Memo: Teaching Assistant Classifications (Nov. 15, 2016)

Memorandum
Date: Nov. 15, 2016
From: Mike Vizsolyi, Employee Relations Manager, and Linda McKnight, Director Human Resources Advisory Services
To: Deans, Department Heads, Administrators, Graduate Directors (Vancouver campus)
CC: Eric Eich, Vice-Provost and Associate Vice-President Academic Affairs; Lisa Castle, Vice-President, Human Resources; HR Advisors
Subject: Teaching Assistant Classifications – Action Required


During the last round of collective bargaining between the University and CUPE 2278 (the Union representing Teaching Assistants, Tutors, and Markers) the parties agreed to a Letter of Understanding committing to a process to revise the definitions and classifications of Markers and Teaching Assistants within the Collective Agreement. As part of the subsequent agreement reached between the Union and the University, we are communicating with those responsible for Markers or Teaching Assistants, as you will need to carefully review these changes and classify your Markers and Teaching Assistants appropriately. If you have TAs who fit the definition of Senior Teaching Assistant below, you may be required to retroactively adjust their classification to ensure they are paid appropriately.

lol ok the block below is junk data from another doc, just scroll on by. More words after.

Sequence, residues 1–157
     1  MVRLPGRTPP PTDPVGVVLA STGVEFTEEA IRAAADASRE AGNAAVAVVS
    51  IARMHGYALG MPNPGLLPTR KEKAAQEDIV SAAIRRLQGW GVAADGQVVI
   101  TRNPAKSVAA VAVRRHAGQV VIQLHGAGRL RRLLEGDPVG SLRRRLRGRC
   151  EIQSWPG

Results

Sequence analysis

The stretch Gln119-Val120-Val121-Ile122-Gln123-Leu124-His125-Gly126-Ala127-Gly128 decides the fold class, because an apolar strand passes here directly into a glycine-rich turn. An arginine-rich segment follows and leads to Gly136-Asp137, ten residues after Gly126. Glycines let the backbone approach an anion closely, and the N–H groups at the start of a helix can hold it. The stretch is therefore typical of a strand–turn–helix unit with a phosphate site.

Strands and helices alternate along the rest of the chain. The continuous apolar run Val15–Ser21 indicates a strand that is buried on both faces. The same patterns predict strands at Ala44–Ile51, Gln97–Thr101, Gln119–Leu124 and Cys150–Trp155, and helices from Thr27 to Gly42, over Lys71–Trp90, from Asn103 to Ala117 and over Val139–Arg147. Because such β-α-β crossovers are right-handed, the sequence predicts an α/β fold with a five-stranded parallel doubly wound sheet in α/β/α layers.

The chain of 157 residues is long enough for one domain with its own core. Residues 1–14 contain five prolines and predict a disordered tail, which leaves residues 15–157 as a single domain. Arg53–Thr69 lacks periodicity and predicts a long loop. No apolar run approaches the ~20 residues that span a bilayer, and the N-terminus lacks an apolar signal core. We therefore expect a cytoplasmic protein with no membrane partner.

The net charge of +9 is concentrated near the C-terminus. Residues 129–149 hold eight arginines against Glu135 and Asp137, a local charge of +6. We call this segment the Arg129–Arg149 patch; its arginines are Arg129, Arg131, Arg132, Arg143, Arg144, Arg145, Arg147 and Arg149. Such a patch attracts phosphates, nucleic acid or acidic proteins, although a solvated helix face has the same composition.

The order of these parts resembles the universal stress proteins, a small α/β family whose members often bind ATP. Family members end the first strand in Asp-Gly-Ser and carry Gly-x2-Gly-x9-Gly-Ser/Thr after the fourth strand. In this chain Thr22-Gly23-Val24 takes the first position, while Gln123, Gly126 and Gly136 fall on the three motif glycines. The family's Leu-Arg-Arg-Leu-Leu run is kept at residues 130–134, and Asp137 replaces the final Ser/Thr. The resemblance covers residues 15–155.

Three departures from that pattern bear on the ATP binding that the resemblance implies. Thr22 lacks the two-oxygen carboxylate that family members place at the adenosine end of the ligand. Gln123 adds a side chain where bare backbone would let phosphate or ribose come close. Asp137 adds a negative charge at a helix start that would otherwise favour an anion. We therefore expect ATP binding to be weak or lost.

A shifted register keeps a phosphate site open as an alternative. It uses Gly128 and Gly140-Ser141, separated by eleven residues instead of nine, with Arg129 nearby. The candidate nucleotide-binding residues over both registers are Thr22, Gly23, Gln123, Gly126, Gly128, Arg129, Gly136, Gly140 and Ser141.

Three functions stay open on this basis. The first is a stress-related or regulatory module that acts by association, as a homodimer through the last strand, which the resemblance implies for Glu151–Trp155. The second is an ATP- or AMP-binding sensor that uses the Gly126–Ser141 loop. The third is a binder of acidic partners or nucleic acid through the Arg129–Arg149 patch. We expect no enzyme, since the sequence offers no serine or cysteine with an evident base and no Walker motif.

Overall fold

Note: Further information regarding implementation of these classifications will be distributed next week to HR administrators.

As background, the definitions contained within the classifications provision of the Collective Agreement had not changed since the 1981-1982 Collective Agreement. Given the significant passage of time, the definitions were no longer entirely representative of the nature of the work performed by Teaching Assistants.